By Adam Sternbergh
First Published: 2014
Jacket Design by Will Staehle
Review © 2014 by Stephen Roof
Genre: Noir Thriller, Science Fiction, Post-Apocalyptic
Shovel Ready is a hard-boiled noir science fiction thriller with a strong emphasis on the noir. It’s an impressive debut novel from Adam Sternbergh who imagines a dark, dangerous, and damaged New York city in a not too far off future. A large part of the city has been abandoned after a series of terrorist attacks including one with a dirty bomb bring death and destruction to one of the most popular cities in the world. Most of the residents who remain can’t afford to leave or are two stubborn to know better. However there are still a fair number of the extremely wealthy who stay because they can afford to spend most of their time plugged into virtual worlds while paid help keeps them safe. In nearby Hoboken New Jersey, a former garbage man who calls himself Spademan falls into a slightly different line of work which pays a whole lot more money. He works as a hit man. However, when he gets a job to eliminate the daughter of one of the richest men in the country, he finds events rapidly spiraling out of control.
Shovel Ready is narrated in the first person by Spademan who is the epitome of an anti-hero. Having lost his wife in the attacks, he has obviously suffered severe emotional damage and his defense has been to dispense with most emotions other than anger. He only has a couple of conditions for a job; the money needs to be deposited up front and the victim needs to be an adult. He states, “I kill women because I don’t discriminate. I don’t kill children because that’s a different kind of psycho.” Needless to say you don’t get a lot of emotional depth out of the main character. What you get is very direct and concise narration as the events unfold. Spademan is not a sympathetic protagonist and he’s not looking for any sympathy but he does have his own standards and morals. When he meets a young girl that is in the most serious of trouble, he discovers a few tiny cracks in his emotional amour and finds he needs to help.
With Spademan’s economical narration style which is extremely sparse at times and a fast paced plot, the pages fly by. This is not a dense work of literature. It’s a lean and intense thriller that does a good job of keeping the reader engaged. Spademan tries to keep his jobs as simple as possible but on this new job he runs into strange mysteries and then begins ruffling powerful feathers. When the wrong people discover his involvement, he finds that not only is he in danger but so is anyone else associated with him. Soon the bodies start piling up including good guys, bad guys, and innocent bystanders.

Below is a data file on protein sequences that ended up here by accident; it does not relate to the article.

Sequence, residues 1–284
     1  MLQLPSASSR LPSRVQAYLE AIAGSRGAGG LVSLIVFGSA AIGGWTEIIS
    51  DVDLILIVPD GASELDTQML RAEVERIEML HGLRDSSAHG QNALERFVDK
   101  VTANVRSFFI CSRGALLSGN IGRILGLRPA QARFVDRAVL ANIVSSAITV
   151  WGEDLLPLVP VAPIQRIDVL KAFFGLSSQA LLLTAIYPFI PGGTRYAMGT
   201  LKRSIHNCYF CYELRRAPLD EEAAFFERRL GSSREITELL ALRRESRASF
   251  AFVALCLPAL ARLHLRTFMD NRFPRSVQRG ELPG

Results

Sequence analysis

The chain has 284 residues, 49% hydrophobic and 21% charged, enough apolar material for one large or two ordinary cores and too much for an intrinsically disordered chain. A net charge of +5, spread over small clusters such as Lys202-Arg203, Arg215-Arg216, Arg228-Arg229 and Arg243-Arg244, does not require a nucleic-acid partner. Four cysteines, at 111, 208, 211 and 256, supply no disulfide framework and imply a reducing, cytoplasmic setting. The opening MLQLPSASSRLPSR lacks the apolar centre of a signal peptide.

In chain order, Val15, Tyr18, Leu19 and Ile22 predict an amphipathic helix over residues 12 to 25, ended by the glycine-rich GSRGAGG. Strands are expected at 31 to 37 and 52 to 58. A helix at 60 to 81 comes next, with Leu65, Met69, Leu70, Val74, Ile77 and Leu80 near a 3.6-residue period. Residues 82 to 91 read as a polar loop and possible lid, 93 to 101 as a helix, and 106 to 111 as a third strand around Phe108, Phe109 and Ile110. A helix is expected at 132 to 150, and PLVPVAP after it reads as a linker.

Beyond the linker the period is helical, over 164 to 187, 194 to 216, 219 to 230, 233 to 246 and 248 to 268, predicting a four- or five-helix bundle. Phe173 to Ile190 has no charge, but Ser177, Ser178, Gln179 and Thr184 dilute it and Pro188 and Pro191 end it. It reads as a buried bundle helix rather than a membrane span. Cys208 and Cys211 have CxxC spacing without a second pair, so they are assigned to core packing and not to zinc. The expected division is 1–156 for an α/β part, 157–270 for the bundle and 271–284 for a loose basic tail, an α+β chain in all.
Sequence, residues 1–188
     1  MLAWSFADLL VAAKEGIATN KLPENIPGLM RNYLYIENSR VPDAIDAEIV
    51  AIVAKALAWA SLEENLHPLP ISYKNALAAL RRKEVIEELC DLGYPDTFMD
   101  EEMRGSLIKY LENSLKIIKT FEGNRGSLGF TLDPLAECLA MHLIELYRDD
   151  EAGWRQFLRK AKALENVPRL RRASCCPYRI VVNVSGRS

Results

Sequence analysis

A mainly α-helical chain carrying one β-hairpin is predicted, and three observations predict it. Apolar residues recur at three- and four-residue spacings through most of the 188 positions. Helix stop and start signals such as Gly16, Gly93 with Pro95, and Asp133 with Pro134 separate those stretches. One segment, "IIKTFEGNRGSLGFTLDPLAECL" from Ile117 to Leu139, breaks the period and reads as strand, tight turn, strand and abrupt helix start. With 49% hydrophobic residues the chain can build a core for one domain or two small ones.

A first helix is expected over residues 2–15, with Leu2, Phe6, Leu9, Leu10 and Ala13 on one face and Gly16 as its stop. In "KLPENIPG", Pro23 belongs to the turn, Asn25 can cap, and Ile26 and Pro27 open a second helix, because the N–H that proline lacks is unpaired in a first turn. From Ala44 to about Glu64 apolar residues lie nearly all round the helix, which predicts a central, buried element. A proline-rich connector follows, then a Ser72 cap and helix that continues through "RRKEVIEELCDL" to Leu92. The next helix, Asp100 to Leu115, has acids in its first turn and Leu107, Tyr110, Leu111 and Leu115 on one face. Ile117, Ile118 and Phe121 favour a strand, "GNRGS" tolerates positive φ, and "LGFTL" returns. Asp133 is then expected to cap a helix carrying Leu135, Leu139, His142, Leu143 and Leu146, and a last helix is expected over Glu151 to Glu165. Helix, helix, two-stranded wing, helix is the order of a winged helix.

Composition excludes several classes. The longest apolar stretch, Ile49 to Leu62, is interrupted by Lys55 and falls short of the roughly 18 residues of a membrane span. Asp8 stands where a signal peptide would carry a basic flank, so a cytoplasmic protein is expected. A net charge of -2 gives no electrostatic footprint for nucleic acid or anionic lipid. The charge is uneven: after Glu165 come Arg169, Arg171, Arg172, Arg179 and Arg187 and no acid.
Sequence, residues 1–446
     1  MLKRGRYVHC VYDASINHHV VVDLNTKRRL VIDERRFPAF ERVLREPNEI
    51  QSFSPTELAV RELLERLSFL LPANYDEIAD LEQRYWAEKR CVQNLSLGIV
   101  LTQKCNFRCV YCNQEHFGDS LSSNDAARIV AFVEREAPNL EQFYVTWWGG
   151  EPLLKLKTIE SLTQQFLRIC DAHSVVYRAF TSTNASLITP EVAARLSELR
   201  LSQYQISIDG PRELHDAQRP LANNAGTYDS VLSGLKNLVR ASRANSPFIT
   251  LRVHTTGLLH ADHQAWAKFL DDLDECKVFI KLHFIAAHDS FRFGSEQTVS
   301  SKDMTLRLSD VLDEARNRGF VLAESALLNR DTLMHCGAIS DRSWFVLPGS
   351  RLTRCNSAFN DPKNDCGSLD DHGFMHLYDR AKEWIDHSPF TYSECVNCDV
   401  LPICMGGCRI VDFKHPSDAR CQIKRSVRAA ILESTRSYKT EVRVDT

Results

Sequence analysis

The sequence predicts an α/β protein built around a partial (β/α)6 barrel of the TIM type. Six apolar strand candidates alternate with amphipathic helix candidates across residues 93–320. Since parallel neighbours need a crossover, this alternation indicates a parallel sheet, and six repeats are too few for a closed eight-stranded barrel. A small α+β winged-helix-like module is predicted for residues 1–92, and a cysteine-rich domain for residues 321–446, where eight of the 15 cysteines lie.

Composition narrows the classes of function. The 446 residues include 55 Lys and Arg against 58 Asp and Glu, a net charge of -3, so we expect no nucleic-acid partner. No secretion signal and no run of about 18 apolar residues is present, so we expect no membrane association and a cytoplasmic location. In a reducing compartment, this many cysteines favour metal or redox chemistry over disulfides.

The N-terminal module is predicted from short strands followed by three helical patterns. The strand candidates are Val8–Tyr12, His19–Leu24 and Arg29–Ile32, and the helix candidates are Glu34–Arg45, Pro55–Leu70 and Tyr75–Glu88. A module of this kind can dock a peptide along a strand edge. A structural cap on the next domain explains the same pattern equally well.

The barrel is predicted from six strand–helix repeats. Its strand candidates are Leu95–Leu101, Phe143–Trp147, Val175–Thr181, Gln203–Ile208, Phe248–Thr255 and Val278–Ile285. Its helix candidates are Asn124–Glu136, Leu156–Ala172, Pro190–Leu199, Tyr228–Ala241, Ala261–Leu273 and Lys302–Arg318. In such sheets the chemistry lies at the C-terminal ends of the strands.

Violence is a given when the main character is a hit man and this novel delivers extreme violence in both real and virtual worlds. The villain in this novel is the leader of the fastest growing church in America. He also has some dark and sordid secrets which he is desperate to keep hidden and, with his wealth, he can afford to have anyone causing him trouble either bought off or taken out. His evangelism has been extremely successful because of an innovative idea; his church offers the chance to experience heaven on earth through the most advanced virtual environment available in the world. With New York in as bad as shape as it is, the church sees an opportunity to find plenty of recruits who would love to be able to spend some time away from their real lives while struggling through life on the slow path to the afterlife.
This novel does not spend a lot of time with character development. We gradually get to know Spademan through his actions and snippets of thoughts about the past. He’s an everyman turned anti-hero who doesn’t hesitate to make life or death decisions based on his strong core values. He’s quite likeable at times despite his emotional detachment but when some of his close associates are murdered he seems almost indifferent. Outside of Spademan, the most fully developed character is the city of New York, itself. After a mini apocalypse has turned the city upside down, New York has been transformed into a shell of its former self and it is described in intimate detail as it continues to survive and evolve in new ways.
Shovel Ready is a highly entertaining, fast paced novel of the noir that is as hard boiled as you can get. It is a promising debut novel and I would be surprised if the anti-here Spademan does not return for another adventure. For those who enjoy noir thrillers or post-apocalyptic fiction and are not put off by ferocious violence, Shovel Ready will make for a terrific summer read.